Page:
Following a narrow loss to Republican incumbent Gerald Greene in 2018, Democratic candidate returns for a seat in the House in this year’s election
ALBANY, GA. — Joyce Barlow is making her second run against longtime incumbent Republican Gerald Greene for the Georgia State Representative seat in House District 151, which has historically been a unique location of Gov. Brian Kemp and other Georgia Republicans’ voter suppression efforts.
I was able to interview Barlow, who is also a registered nurse and small business owner, on April 8, 2020, shortly after the immense outbreak in Albany, Ga., that put Doughtery county on the map as one of the highest ranking regions for COVID-19 infections per capita in the world in March 2020. The interview was vaulted and is being provided now in the interest of illuminating the struggles that rural counties in Georgia face in elections, as well as connecting the dots between policy and death as we’ve seen exposed by the coronavirus pandemic.
Southwest rural counties in Georgia have been grounds for systemic voter suppression, as we covered last year in an in-depth look into Randolph County, which resides in the district Barlow wishes to represent. After a narrow loss to Greene in 2018 — the same time Stacey Abrams narrowly lost to Gov.* Brian Kemp, which was covered in a flash in national news — Barlow returns this cycle to fight for the people in her district. Her platform includes Medicaid expansion (which Greene did not vote on when it was up for vote in 2014), installing reliable broadband to keep HD 151 connected to the world and help provide greater resources, economic development, job creation, and more.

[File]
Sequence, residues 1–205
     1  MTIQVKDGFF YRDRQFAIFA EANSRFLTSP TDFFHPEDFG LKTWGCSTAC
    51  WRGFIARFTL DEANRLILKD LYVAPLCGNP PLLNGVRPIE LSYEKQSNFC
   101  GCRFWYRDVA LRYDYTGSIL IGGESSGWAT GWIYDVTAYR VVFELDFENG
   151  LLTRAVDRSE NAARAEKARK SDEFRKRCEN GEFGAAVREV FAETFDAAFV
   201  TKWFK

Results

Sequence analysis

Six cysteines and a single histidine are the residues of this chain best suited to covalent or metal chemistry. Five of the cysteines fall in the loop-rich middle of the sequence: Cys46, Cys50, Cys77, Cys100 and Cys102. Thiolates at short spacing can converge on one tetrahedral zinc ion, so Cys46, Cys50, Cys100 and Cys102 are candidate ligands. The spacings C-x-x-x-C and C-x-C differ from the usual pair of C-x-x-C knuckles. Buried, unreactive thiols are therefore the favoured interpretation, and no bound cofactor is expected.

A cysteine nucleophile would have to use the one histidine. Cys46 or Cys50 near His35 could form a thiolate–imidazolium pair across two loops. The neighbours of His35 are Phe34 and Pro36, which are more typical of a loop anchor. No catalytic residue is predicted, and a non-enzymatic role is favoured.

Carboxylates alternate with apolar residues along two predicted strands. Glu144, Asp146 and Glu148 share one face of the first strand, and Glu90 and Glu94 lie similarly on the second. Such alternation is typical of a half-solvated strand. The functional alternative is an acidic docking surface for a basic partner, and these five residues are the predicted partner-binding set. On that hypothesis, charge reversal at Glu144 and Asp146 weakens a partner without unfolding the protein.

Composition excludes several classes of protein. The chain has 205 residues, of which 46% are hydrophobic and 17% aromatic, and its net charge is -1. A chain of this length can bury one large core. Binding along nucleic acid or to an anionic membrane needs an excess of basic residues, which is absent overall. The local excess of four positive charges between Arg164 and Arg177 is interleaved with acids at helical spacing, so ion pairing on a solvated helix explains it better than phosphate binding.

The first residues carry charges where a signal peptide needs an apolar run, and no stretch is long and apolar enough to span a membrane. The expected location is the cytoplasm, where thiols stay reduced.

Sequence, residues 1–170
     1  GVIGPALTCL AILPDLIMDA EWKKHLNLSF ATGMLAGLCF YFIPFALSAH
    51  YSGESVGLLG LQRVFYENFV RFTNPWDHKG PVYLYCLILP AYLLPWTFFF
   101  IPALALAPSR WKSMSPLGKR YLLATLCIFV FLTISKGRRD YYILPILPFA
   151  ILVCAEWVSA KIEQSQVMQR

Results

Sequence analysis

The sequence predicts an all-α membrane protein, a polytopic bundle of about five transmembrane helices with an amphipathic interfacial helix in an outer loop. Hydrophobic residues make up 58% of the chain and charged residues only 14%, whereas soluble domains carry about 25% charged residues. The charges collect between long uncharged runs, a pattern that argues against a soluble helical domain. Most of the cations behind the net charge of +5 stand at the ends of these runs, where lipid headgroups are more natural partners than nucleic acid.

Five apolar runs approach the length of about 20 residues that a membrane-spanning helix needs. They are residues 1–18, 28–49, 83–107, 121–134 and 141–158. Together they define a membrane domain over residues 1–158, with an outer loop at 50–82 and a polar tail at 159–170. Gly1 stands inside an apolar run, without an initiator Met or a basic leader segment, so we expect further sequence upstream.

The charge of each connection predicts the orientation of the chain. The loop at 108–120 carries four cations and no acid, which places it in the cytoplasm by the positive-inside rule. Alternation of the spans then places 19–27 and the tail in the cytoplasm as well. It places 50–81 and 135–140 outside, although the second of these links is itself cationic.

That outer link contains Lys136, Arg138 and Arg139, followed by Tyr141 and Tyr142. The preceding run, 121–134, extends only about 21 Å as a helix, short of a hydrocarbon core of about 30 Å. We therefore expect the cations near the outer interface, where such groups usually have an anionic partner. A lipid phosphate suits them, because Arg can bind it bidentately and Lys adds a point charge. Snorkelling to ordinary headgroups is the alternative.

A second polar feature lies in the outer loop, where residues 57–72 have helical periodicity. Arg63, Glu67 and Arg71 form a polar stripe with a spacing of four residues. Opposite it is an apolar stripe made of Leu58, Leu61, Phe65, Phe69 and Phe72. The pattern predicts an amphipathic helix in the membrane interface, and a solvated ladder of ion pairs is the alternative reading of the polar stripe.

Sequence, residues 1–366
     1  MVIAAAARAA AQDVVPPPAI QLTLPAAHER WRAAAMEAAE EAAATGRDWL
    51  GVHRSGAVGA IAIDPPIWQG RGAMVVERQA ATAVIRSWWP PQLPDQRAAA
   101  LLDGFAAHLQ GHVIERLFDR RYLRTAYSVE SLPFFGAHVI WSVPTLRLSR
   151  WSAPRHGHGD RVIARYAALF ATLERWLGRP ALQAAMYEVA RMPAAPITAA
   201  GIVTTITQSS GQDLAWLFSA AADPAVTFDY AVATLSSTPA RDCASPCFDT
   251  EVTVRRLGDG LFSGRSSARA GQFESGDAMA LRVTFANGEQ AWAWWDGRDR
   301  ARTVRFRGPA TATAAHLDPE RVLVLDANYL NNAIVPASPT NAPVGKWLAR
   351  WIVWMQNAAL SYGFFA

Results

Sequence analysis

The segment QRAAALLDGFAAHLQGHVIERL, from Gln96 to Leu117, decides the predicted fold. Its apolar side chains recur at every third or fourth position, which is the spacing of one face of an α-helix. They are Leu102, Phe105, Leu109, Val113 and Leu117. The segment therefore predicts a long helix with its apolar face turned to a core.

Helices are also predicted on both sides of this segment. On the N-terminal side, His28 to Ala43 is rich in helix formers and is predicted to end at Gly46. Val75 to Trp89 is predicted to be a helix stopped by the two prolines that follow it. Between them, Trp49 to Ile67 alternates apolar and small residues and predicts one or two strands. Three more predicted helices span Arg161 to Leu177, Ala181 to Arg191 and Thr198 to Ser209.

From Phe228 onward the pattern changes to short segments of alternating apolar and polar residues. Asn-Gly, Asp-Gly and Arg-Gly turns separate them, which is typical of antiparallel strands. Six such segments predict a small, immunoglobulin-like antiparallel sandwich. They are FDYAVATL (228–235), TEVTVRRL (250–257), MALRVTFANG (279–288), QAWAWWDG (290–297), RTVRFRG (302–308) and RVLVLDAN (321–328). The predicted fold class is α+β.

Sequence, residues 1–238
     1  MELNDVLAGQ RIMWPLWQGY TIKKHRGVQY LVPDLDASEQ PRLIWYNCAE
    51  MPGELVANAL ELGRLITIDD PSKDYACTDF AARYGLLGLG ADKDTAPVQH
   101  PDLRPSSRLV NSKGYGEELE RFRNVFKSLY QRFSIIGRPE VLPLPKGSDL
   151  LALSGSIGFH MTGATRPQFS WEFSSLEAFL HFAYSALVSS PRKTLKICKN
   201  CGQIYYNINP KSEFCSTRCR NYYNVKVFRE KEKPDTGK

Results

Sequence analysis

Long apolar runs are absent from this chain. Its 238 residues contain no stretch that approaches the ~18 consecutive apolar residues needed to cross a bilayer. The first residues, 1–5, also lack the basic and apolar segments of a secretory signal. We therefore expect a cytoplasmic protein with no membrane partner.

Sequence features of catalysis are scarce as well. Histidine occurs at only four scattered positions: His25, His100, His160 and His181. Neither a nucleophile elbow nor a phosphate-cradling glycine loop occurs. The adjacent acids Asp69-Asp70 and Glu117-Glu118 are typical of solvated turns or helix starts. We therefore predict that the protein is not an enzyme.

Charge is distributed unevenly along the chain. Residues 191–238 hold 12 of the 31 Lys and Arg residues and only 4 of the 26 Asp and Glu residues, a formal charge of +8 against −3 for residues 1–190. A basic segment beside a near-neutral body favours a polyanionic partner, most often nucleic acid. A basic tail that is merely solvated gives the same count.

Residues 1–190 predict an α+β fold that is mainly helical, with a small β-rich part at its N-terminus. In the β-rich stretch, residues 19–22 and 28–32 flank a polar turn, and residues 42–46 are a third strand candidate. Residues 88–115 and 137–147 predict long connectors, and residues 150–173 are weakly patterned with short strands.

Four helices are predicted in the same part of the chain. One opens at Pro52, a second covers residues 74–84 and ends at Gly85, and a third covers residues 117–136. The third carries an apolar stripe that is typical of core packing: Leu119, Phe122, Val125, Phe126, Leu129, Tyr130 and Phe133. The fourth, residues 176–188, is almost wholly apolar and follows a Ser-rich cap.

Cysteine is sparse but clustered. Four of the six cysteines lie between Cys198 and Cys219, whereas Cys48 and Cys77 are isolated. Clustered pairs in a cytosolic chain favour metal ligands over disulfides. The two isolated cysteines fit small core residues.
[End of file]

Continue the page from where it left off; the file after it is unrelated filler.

You can learn more about Barlow on her official campaign website. The conversation, in which we discussed COVID-19, voter suppression, the importance of the census, and Barlow’s current campaign, follows.
Aja Arnold: In November 2018, you narrowly lost in your race in your district. I was wondering if you could tell us a little bit more about who you are in the work that you’re doing and what that experience was like.
Joyce Barlow: In 2018, I ran for State Representative in HD 151 and that covered nine counties: Dougherty, Terrell, Randolph, Early, Clay, Calhoun, Stewart, Webster, and Quitman. That’s nine counties, a lot of territory. [I gained] experience in covering all of the areas, getting to meet the people, introducing myself, telling them about my platform, telling them about my experience. I am a registered nurse with 30-something years of experience and a business owner with 25-plus years of experience. I use my experience of both to get my message out and my number one platform agenda was Medicaid expansion.